- Memorial Day Parade
- Second Friday the 13th
- Farmers market opens May 21
- Hello (again), Dolly!
- Kreider Farms opens silo observation tower
- ‘Hello, Dolly!’ opens Thursday at EPAC
- ‘Somewhereville Station’ revisits the 50s and 60s
- Manheim Downtown Development Group will dissolve
- MC Art Show doubles in size
- Warwick students are tops at county science fair
Hempfield survives Warwick
By: BRUCE MORGAN Record Express Sports Editor email@example.com, Staff Writer
Quarterback Michael Murr and running back Joe Gamble stole the show for Hempfield in the first half last Friday.
Stu Helgeson stole the game for the Black Knights late in the second half.
With Warwick driving in the final minutes while trying to overcome a five-point deficit last Friday night, Hempfield’s senior defensive back grabbed an interception in the end zone with just 1:33 left and the Knights survived to earn a 24-19 win at Grosh Field in Lititz.
"We should’ve won the game," Warwick coach Bob Locker said. "You’ve got to make plays when it counts. The kids deserved to win the football game for the effort they put into it. Considering everything that rolls down the pike at these kids all year, we put ourselves in position to win the game and … we’ve just got to find a way to win."
Although the Warriors fell to 2-7 overall (2-4 Section One) with the loss, they continued to gain the respect of their head coach from the effort that they delivered against a Hempfield squad currently ranked 15th in the District Three Quad-A power ratings.
"They never stopped playing," Locker said. "They had nothing to play for other than pride. We’re 2-6, the only thing at this point that motivates a kid is a sense of loyalty to his school, to his teammates, to his program, a sense of brotherhood with his fellow players, and that’s what they did. Physically, I couldn’t ask anything more of them in the second half. I thought we did a pretty good job in the second half. I thought we played physical football, and geez at the end, we had our shot."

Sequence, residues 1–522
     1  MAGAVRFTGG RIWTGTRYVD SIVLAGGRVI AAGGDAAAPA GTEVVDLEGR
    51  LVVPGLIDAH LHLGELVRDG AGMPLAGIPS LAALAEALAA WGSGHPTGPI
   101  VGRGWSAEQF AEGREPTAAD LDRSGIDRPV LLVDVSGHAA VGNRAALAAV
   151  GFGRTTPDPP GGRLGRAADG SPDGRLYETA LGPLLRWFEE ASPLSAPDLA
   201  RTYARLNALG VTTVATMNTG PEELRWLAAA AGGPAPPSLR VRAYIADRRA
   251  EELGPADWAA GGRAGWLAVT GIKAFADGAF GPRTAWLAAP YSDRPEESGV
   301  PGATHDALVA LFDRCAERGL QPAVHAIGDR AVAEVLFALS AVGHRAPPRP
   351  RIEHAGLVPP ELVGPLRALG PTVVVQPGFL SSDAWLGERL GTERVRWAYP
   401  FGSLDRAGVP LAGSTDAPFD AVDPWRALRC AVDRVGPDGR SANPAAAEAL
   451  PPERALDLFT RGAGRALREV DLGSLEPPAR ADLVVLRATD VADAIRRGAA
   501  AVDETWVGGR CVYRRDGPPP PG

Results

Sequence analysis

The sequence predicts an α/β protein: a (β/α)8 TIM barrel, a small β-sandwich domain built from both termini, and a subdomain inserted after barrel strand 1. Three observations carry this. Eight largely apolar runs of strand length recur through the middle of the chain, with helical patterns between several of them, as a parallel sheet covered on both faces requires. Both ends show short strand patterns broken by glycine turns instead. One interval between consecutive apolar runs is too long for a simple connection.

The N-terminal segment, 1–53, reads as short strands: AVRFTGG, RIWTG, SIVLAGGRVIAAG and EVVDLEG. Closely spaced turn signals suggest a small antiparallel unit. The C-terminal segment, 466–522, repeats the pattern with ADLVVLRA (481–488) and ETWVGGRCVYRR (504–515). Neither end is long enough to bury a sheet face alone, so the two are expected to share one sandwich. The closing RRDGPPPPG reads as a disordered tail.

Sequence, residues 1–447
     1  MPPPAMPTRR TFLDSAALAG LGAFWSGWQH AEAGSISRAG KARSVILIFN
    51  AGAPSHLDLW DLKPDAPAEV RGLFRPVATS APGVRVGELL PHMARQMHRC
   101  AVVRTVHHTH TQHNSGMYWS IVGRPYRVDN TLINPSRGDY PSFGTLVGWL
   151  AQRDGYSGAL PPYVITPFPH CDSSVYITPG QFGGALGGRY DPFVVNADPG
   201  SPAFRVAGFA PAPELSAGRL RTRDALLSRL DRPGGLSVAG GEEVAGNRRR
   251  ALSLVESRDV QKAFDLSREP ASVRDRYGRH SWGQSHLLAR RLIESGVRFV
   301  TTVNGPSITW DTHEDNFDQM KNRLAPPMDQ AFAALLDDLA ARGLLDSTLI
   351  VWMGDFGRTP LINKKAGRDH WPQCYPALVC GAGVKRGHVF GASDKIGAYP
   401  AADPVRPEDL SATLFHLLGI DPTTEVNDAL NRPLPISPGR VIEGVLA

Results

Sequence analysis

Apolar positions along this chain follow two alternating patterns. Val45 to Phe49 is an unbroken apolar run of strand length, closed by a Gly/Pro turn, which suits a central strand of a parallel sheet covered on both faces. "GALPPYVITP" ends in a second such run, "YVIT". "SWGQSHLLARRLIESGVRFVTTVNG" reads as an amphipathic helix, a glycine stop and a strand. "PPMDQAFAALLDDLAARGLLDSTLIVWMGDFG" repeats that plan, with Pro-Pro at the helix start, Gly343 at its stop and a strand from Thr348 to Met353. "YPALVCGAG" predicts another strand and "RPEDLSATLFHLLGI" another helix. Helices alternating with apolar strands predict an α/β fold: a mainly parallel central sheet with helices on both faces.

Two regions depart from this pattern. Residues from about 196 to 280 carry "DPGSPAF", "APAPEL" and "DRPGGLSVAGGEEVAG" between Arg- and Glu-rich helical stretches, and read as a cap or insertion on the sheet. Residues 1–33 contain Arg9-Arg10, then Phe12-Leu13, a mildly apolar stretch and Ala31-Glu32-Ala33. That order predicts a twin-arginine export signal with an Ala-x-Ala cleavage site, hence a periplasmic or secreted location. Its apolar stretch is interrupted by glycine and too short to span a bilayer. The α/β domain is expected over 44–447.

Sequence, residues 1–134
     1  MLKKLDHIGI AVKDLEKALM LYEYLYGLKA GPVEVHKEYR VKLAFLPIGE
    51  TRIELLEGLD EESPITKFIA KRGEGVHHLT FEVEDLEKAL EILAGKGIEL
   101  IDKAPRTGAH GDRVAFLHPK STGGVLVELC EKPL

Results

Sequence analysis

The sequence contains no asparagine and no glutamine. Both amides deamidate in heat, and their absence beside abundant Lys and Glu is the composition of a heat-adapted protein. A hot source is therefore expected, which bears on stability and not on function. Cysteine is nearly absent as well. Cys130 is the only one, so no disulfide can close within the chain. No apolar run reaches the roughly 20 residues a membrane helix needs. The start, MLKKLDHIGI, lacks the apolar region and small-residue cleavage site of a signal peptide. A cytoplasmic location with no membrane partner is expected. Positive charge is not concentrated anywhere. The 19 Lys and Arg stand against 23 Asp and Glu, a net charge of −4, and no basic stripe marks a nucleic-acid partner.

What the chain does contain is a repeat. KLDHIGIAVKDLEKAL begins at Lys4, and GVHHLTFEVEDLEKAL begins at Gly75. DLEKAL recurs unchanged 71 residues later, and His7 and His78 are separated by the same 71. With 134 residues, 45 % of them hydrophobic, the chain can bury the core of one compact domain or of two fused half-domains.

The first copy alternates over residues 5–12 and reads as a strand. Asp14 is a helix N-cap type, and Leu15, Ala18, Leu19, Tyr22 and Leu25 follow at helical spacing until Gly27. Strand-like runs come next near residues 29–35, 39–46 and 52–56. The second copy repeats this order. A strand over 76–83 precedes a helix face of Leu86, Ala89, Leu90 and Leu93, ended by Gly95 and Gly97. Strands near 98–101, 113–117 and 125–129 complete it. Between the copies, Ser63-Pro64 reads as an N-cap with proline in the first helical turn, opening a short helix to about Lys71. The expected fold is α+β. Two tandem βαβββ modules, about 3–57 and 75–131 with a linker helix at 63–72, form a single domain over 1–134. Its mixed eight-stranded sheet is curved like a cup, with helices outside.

The Black Knights gave Warwick their best shot in the first half, when Gamble ran for three touchdowns and churned out 103 of his game-high 166 rushing yards.
"(Murr) and the running back (Gamble) do a nice job of their zone read offense," Locker said. "Their offensive line does a nice job. They move people well and we’re down a lot of players. They’ve done a nice job of installing a new offense with the new coach and they make plays. The running back is good. We had kids overpursuing left and right and he’s got great vision."
Gamble used that great vision to score on a 24-yard run around left end on the Knights’ first possession of the game, putting his team in front 7-0 with just 1:54 elapsed.
Hempfield’s junior running back again got the call on when the Knights took over for their next series, but this time, he fumbled and Warwick’s Brady Forney returned the ball 37 yards to the Hempfield eight. Three plays later, Forney (9-43 yards rushing) punched it into the end zone on a seven-yard run and Shawn Mearig’s PAT tied it 7-7 with 6:58 left in the opening quarter.
But the Black Knights outgained Warwick 242-92 in total yardage in the first half, and they snapped the deadlock with a pair of TD runs by Gamble to go up 21-7 at the half.
Murr (16-123 rushing) added 102 first-half yards on the ground, and Gamble’s one-yard dive with 1:45 left in the opening quarter capped a 12-play, 89-yard scoring drive by the Black Knights.